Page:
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How river rocks round: Resolving the shape-size paradox:

Domokos, G., Jerolmack, D.J., Sipos, A.A, and Torok, A.
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River-bed sediments display two universal downstream trends: fining, in which particlensize decreases; and rounding, where pebble shapes evolve toward ellipsoids. Rounding is known to result from transport-induced abrasion; however many researchers argue that the contribution of abrasion to downstream fining is negligible. This presents a paradox: downstream shape change indicates substantial abrasion, while size change apparently rules it out. Here we use laboratory experiments and numerical modeling to show quantitatively that pebble abrasion is a curvature-driven flow problem. As a consequence, abrasion occurs in two well-separated phases: first, pebble edges rapidly round without any change in axis dimensions until the shape becomes entirely convex; and second, axis dimensions are then slowly reduced while the particle remains convex. Explicit study of pebble shape evolution helps resolve the shape-size paradox by reconciling discrepancies between laboratory and field studies, and enhances our ability to decipher the transport history of a river rock.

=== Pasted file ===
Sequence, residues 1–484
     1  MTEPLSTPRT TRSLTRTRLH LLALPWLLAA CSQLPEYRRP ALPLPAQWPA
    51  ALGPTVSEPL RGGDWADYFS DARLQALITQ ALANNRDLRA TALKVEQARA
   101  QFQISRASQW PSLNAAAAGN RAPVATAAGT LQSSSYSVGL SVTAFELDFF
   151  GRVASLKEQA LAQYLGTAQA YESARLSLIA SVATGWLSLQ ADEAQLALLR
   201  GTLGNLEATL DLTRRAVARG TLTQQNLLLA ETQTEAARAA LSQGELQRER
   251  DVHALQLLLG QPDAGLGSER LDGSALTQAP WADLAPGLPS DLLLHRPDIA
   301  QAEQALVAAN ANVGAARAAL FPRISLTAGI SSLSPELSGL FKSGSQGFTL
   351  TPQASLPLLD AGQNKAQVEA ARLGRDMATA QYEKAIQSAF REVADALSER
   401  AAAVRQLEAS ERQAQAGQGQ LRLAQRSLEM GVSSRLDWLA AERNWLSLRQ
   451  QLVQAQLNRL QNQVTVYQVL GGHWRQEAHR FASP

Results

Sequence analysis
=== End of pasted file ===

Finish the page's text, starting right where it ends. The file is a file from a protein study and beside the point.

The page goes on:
EES Authors: 
Douglas J. Jerolmack

Department of Earth and Environmental Science / University of Pennsylvania, 251 Hayden Hall, 240 South 33rd Street, Philadelphia, PA 19104-6316